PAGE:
“I see [in Hoshino] an ability to truly think through fiction that recalls Kobo Abe.  This superlative ability makes even the most fantastical details and developments read as perfectly natural.”
—Kenzaburō Oe, Nobel Prize winning author of Nip the Buds, Shoot the Kids and Teach Us To Outgrow Our Madness

“These wonderful stories make you laugh and cry, but mostly they astonish, co-mingling daily reality with the envelope pushed to the max and the interstice of the hard edges of life with the profoundly gentle ones.”
—Helen Mitsios, editor of New Japanese Voices: The Best Contemporary Fiction from Japan and Digital Geishas and Talking Frogs: The Best 21st Century Short Stories from Japan

“Like a heat shimmer on a summer’s day, Hoshino Tomoyuki’s stories tantalize and haunt. From ‘Paper Woman’ to ‘A Milonga for the Melted Moon,’ Hoshino writes of people stranded between poles of reality and dream—with each option as uncertain as the other.  Wonderfully translated, selected, and presented, this collection of works will be required reading.”
—Rebecca Copeland, Washington University in St. Louis, author of Lost Leaves: Women Writers of Meiji Japan and translator of Grotesque by Natsuo Kirino

“What feels most striking and praiseworthy about Hoshino’s work is how he deals with ambiguity—not as a fusion of multiple meanings, nor as their simple coexistence, nor as symbolic of meaning’s absence; rather, he deftly weaves these concepts together and then, in the space between them, makes his escape.”
—Maki Kashimada, award-winning author of Love at 6000° and The Kingdom of Zero


Lonely Hearts Killer

SKU: 9781604860849
Editors: Tomoyuki Hoshino
Publisher: PM Press/Found in Translation
ISBN: 9781604860849
Published: 11/2009
Format: Paperback, mobi, ePub, PDF
Size: 5 x 8
Page count: 232
Subjects: Fiction



Praise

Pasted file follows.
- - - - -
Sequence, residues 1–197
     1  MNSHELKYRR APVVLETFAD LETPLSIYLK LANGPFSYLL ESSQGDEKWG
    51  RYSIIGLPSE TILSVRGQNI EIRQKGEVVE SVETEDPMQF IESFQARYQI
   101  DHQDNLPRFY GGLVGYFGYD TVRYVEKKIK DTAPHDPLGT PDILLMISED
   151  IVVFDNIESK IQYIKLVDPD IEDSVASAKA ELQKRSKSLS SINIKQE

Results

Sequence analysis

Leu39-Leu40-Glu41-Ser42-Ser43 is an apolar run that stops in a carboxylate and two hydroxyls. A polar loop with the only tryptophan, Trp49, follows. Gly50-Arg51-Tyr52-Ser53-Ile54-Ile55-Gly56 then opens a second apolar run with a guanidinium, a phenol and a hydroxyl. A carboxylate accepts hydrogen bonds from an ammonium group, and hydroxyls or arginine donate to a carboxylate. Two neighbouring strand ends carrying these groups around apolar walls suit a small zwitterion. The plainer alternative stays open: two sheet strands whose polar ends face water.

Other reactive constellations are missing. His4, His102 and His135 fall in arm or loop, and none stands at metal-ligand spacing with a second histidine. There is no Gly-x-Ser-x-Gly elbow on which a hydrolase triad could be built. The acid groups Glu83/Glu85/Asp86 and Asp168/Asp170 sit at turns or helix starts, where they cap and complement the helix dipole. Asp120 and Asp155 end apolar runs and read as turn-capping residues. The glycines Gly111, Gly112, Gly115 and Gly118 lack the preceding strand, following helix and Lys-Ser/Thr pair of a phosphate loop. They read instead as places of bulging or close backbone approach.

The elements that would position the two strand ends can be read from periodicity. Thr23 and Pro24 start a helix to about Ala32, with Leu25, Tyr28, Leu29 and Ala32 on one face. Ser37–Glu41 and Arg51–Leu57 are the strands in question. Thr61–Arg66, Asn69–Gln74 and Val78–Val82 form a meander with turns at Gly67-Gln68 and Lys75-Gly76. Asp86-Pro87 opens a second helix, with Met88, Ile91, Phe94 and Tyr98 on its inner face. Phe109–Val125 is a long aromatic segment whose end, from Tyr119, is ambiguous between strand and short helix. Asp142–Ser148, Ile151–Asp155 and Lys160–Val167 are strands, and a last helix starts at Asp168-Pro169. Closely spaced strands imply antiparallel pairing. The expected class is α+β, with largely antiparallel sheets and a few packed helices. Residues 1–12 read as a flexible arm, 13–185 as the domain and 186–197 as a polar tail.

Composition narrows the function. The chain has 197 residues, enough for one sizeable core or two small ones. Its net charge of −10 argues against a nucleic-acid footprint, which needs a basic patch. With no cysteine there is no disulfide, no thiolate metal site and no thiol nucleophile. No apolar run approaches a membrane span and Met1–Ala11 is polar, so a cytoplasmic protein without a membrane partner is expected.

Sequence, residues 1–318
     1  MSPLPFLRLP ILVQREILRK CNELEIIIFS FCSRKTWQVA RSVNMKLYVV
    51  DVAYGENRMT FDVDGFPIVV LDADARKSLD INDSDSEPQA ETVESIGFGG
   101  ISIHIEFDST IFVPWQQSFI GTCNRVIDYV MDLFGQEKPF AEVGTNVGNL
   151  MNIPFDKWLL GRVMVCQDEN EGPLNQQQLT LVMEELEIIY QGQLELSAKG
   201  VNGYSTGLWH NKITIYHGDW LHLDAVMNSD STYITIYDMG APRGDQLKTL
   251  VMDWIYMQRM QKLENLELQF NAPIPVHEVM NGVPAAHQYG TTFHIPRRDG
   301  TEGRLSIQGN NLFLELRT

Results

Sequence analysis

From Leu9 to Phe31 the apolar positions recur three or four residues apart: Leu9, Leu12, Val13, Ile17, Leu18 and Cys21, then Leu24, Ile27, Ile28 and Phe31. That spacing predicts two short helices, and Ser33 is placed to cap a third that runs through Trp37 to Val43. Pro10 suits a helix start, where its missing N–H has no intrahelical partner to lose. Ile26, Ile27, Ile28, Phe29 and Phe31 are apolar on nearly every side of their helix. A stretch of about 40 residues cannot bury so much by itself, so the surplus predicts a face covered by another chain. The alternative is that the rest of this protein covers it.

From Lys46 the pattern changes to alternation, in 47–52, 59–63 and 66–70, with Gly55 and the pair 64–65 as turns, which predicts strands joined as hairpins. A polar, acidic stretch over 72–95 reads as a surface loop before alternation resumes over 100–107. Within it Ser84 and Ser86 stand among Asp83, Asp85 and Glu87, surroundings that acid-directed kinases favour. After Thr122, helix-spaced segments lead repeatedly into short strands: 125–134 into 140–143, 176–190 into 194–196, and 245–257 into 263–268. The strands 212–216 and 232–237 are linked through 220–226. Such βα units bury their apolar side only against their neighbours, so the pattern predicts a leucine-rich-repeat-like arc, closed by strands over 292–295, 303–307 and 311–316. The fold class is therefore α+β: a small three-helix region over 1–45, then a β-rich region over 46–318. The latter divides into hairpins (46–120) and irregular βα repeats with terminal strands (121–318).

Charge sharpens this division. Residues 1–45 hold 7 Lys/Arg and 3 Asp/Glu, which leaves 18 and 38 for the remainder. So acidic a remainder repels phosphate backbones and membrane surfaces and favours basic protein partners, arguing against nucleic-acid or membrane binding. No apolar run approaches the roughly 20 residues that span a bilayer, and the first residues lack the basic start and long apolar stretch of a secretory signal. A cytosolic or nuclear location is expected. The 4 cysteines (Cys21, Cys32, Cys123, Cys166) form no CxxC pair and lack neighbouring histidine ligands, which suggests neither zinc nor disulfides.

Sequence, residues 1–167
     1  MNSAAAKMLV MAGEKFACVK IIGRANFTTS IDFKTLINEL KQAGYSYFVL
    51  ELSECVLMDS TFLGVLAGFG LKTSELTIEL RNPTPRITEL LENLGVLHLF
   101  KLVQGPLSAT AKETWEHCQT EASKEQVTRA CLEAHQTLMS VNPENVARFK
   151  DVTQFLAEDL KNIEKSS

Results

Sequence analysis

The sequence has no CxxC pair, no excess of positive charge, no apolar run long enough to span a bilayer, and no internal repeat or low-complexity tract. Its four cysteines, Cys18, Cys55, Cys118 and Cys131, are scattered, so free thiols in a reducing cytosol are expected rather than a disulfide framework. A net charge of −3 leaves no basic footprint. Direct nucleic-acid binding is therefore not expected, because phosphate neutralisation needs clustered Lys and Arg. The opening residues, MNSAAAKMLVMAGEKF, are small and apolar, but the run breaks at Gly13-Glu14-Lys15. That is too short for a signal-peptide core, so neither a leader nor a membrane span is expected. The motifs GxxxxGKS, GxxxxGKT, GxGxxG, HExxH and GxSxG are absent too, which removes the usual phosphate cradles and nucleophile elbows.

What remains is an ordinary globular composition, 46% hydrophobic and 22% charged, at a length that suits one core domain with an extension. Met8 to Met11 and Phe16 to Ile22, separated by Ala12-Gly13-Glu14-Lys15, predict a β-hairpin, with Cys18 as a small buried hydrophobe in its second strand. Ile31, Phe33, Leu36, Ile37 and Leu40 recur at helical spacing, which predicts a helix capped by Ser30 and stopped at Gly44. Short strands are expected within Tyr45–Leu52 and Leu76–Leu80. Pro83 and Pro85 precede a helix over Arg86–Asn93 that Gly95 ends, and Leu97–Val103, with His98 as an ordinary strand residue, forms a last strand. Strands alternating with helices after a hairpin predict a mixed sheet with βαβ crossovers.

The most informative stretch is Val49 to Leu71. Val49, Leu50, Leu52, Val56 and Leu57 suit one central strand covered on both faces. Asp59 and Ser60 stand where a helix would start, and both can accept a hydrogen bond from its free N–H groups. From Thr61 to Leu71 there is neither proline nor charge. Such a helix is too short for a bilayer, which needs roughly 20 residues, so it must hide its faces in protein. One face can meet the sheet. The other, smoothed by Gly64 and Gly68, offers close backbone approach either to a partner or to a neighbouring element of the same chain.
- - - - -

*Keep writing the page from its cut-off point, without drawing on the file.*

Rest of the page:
“A major novel by Tomoyuki Hoshino, one of the most compelling and challenging writers in Japan today, Lonely Hearts Killer deftly weaves a path between geopolitical events and individual experience, forcing a personal confrontation with the political brutality of the postmodern era. Adrienne Hurley’s brilliant translation captures the nuance and wit of Hoshino’s exploration of depths that rise to the surface in the violent acts of contemporary youth.”
–Thomas LaMarre, William Dawson Professor of East Asian Studies, McGill University

“Since his debut, Hoshino has used as the core of his writing a unique sense of the unreality of things, allowing him to illuminate otherwise hidden realities within Japanese society. And as he continues to write from this tricky position, it goes without saying that he produces work upon work of extraordinary beauty and power.”
–Yuko Tsushima, Award-winning Japanese Novelist

“Reading Hoshino’s novels is like traveling to a strange land all by yourself. You touch down on an airfield in a foreign country, get your passport stamped, and leave the airport all nerves and anticipation. The area around an airport is more or less the same in any country.  It is sterile and without character. There, you have no real sense of having come somewhere new. But then you take a deep breath and a smell you’ve never encountered enters your nose, a wind you’ve never felt brushes against your skin, and an unknown substance rains down upon your head.”
–Mitsuyo Kakuta, Award-winning Japanese Novelist